In July 2021 Dr Jerome Slamat, former Executive Manager in the Rector's Office at SU, was contracted to facilitate the integration of MGD into DSI. At the time, DSI was undergoing a self-evaluation process and was drafting a new Social Impact Strategic Plan.

These exercises revealed that SU would have to undertake its “reimagining of Social Impact" at the same time as it was working on the integration of MGD into a reimagined strategy and structure". This was followed by various workshops with stakeholders.

“MGD's historical vision is to expand the university's footprint in surrounding communities through student volunteerism. This work remains a critical element of Stellenbosch University's institutional plan through its Social Impact Strategy. MGD staff have fulfilled this mandate for almost six decades. The university relies on MGD to ensure the implementation of this programme and to provide support to academic departments involved directly in community engagement. MGD also assists students to develop appropriate and targeted responses based on the needs of the community," explains Hector-Kannemeyer. The Social Work department, in particular, has drawn on the work of MGD in this way.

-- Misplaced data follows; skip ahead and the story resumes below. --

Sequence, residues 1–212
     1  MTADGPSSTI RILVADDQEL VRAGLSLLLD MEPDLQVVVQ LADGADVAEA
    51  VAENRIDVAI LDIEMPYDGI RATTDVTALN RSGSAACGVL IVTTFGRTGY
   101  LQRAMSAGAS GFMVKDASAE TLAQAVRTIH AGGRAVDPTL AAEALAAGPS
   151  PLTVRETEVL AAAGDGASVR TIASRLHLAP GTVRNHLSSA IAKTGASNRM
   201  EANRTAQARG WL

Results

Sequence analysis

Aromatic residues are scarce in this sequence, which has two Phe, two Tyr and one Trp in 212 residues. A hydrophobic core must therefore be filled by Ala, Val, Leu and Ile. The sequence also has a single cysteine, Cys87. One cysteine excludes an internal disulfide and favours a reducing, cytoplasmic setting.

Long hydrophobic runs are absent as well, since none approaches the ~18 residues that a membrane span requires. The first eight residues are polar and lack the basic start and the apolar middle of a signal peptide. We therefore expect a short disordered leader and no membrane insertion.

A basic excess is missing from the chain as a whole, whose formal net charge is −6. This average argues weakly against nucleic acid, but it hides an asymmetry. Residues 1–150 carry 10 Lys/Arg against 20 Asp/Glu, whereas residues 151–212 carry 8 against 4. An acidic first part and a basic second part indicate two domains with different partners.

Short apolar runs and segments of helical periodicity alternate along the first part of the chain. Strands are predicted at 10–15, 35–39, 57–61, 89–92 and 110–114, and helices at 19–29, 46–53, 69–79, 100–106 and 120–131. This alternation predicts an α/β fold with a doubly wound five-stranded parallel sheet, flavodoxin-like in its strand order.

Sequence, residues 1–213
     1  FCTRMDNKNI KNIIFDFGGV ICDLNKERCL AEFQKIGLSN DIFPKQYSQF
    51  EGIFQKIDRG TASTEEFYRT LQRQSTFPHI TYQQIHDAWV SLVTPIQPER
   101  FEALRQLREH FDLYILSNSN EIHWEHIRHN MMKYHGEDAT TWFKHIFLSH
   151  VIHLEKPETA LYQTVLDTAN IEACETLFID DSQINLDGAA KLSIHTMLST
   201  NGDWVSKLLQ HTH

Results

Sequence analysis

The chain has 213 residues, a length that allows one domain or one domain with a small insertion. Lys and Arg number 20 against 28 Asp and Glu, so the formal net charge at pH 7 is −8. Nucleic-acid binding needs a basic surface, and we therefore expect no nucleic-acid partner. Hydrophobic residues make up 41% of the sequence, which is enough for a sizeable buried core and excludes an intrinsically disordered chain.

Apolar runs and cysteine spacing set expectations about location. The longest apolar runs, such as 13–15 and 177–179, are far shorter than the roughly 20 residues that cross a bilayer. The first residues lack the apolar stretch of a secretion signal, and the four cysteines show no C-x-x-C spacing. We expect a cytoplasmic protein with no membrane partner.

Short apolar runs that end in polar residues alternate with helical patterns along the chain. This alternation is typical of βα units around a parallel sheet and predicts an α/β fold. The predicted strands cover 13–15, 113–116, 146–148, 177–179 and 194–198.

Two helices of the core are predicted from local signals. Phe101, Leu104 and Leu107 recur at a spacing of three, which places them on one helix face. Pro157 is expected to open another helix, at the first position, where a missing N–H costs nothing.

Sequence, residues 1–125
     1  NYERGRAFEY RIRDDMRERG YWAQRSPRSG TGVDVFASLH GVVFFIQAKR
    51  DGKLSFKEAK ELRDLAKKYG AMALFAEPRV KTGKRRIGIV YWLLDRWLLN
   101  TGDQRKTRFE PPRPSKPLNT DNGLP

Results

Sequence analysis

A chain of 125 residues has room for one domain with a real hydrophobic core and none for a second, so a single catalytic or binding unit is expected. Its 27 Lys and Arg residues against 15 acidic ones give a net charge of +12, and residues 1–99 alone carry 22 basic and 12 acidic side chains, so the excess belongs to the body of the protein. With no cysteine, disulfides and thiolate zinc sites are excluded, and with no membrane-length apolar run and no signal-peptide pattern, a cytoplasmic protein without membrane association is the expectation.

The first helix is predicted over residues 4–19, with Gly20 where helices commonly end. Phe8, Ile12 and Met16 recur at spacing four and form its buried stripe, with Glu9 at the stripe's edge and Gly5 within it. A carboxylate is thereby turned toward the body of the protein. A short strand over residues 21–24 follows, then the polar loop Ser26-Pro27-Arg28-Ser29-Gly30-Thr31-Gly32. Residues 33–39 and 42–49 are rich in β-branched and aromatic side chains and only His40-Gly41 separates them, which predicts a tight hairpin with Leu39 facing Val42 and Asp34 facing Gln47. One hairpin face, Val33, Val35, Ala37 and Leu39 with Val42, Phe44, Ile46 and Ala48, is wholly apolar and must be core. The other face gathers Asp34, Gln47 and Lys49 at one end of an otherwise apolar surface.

“The integration model provides an opportunity for the reallocation of funds to achieve the aims set out in the university's Social Impact Strategy. Engaged Citizenship will become one of the central foci of the Reimagined DSI, which will ensure the sustainability of the work currently managed by MGD.

Prof Nico Koopman, SU Deputy Vice-Chancellor for Social Impact, Transformation and Personnel has lauded the move, citing the extensive review and stakeholder participatory process which has culminated in the decision to integrate MGD with the DSI.

Explaining the reasoning for the proposal, Koopman says: “I was in matric in 1978 in Kimberley, when I first heard about MGD, so it's a cherished entity."